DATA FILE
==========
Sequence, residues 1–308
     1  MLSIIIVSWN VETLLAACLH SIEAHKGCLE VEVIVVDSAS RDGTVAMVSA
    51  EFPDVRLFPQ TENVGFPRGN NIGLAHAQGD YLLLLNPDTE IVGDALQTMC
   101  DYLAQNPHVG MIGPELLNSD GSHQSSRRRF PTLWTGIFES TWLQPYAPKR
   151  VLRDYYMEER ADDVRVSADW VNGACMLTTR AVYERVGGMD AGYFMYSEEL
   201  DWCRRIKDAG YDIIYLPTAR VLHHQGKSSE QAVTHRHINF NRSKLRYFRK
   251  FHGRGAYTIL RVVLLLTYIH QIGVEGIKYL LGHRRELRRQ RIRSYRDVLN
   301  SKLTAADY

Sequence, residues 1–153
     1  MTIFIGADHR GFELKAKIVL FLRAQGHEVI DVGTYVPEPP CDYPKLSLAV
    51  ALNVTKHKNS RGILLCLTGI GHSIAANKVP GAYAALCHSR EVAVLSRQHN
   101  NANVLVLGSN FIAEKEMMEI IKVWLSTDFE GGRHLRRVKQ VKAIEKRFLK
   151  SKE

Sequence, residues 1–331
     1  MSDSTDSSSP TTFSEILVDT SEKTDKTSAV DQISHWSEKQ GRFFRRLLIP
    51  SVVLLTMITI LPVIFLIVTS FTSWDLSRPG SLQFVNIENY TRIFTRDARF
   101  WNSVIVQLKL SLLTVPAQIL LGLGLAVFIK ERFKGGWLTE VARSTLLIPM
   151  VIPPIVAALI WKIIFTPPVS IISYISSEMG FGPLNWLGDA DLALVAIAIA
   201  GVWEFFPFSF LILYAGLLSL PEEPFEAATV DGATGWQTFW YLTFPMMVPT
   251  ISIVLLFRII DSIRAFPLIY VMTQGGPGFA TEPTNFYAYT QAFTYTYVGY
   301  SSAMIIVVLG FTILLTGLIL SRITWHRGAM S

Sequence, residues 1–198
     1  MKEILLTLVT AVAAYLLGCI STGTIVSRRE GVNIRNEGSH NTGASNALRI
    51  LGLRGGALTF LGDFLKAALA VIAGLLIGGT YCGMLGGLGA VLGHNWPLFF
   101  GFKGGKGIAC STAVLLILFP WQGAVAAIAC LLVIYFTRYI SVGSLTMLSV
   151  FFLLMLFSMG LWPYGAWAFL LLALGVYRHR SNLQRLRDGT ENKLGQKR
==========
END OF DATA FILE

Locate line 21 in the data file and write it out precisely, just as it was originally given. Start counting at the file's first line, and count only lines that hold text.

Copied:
   301  SSAMIIVVLG FTILLTGLIL SRITWHRGAM S